Sometimes I really do feel old. I remember over a decade ago – probably more like 12-13 years ago researching micropayments and how that would be the future of Web-based transactions.
I see that the NYT is looking to charge for its Web-based content starting next year but they haven’t figured out how to do it or what to charge.
There was a time when people were very keen on micropayments (before the IT bubble in 2001). Take the NYT. I would have a web-based subscription tied to a credit card and would pay 5 cents to read a David Brooks column or seven cents to read the front page stories, or whatever. The idea then (and I don’t understand why not now) was that the transaction costs would be virtually nothing (the cost of a Web-based e-commerce server pinging VISA to see if I have money to pay the five cents) and thousands of people paying for just the content they wanted to see (supplemented by ad revenue) would provide a sustainable business model.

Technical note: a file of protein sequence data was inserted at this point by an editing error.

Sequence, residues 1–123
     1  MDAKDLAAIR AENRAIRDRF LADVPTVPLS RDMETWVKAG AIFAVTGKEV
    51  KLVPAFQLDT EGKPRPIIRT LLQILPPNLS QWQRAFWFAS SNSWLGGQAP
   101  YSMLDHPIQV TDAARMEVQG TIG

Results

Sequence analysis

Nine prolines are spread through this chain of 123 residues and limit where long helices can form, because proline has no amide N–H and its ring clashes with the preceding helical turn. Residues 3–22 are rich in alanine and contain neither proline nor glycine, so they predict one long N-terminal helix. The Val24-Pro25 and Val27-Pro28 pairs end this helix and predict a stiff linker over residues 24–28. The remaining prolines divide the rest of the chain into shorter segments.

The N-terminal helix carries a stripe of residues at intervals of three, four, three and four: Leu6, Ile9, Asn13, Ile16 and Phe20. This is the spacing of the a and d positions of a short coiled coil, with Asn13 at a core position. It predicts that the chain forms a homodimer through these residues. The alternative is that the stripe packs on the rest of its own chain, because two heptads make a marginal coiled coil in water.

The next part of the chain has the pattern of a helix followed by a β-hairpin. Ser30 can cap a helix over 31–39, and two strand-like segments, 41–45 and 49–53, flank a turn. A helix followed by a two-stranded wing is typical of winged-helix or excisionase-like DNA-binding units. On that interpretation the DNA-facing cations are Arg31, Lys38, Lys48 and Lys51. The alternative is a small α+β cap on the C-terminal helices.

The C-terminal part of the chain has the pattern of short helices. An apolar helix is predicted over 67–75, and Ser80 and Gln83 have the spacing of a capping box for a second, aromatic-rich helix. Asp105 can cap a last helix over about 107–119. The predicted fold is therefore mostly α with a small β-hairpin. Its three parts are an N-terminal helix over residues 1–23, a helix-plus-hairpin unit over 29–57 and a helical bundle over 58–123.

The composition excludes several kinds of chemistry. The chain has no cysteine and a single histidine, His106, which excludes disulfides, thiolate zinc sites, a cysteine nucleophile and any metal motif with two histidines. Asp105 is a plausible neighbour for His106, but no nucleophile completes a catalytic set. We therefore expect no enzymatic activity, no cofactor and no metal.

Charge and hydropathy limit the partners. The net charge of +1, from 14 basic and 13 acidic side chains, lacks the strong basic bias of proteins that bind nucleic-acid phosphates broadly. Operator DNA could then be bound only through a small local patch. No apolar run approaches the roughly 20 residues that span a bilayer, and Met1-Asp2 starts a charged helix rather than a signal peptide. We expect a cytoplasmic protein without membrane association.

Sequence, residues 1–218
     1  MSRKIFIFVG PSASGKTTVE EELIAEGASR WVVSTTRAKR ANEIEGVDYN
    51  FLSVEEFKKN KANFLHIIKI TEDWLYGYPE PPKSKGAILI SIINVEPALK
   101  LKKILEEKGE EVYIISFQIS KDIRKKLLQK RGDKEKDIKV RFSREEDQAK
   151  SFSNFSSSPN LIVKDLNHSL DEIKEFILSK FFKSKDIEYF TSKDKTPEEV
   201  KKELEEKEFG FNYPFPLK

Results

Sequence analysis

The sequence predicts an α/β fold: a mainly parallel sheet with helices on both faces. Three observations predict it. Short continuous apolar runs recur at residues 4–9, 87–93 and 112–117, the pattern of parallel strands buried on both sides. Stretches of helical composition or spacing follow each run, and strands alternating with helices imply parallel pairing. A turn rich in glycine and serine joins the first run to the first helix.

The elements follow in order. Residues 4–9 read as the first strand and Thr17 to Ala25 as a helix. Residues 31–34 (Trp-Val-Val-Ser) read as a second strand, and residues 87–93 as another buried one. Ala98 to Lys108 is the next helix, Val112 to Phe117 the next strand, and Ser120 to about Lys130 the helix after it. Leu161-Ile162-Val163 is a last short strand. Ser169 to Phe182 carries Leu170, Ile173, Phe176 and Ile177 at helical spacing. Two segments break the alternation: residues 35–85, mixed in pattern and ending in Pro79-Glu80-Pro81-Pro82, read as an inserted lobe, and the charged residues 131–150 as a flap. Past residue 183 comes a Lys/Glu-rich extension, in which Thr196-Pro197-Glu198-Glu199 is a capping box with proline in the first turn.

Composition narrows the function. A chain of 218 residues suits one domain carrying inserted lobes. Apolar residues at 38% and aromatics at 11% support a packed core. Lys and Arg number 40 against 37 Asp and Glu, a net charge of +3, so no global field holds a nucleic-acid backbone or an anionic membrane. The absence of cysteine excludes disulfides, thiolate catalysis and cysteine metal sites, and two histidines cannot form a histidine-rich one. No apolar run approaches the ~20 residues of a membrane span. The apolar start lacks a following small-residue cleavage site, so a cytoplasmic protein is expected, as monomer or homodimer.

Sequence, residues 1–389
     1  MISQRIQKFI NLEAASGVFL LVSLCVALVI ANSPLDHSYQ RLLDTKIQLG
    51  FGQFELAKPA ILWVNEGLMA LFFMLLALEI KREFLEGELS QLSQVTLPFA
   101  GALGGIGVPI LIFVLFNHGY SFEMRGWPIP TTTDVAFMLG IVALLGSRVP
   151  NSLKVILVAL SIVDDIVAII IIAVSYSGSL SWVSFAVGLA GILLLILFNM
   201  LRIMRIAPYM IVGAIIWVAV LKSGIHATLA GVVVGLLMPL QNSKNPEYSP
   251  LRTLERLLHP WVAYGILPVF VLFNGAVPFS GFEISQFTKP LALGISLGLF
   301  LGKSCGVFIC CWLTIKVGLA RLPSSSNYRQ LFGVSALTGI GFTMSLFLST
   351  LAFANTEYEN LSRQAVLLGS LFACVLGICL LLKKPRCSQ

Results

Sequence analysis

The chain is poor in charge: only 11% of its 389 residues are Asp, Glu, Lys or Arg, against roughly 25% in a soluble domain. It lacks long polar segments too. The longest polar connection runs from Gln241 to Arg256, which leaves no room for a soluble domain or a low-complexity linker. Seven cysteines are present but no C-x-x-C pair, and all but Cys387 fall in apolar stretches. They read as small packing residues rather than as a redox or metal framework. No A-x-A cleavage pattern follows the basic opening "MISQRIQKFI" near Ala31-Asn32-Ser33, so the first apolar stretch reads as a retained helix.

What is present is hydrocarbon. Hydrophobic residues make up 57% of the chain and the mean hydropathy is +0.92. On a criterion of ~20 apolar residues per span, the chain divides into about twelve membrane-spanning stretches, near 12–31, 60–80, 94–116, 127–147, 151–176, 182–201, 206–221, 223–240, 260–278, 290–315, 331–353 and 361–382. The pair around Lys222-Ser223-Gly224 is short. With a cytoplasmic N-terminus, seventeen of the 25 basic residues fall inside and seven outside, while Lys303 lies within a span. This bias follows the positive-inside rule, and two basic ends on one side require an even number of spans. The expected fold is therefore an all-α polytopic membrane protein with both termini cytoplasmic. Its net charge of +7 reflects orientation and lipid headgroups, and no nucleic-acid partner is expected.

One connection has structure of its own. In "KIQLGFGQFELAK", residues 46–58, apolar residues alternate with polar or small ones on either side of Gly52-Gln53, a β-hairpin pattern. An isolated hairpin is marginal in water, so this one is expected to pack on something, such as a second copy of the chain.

It’s kind of like iTunes but even on a more chunked up basis.
There was a time when industry executives were pitching this model for television as well. You pay for just what you want – 50 cents for 30 Rock, $2 for new movies, 15 cents for the National.
I think it is where we should have gone but never did.